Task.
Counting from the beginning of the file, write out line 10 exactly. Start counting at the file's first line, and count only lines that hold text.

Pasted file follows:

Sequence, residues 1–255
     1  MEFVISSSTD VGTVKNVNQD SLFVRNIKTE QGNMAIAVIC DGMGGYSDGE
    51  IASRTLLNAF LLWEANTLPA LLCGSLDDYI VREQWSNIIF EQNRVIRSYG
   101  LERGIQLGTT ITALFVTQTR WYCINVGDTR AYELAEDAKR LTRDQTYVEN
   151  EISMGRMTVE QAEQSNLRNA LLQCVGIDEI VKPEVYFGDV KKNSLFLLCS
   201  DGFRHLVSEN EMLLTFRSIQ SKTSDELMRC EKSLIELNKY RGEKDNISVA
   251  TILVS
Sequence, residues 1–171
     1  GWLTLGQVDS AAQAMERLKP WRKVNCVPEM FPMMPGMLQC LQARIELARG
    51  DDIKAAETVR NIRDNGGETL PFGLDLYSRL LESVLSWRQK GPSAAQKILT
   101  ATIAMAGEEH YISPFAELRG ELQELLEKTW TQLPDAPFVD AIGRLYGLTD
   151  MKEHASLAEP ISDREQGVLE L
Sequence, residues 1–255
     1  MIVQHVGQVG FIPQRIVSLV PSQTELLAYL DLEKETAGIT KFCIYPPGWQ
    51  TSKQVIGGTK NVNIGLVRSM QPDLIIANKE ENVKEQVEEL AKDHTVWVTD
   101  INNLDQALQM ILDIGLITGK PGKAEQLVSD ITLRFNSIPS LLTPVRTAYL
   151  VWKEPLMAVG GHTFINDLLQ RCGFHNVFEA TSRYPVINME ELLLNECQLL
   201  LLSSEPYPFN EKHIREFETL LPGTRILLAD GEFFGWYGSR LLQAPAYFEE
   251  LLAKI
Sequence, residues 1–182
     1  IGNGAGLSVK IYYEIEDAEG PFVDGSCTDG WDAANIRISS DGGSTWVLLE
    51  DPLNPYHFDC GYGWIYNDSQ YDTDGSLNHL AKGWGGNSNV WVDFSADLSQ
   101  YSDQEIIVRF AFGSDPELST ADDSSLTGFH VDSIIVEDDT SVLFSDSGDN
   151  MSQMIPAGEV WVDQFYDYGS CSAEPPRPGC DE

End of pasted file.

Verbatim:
    51  DDIKAAETVR NIRDNGGETL PFGLDLYSRL LESVLSWRQK GPSAAQKILT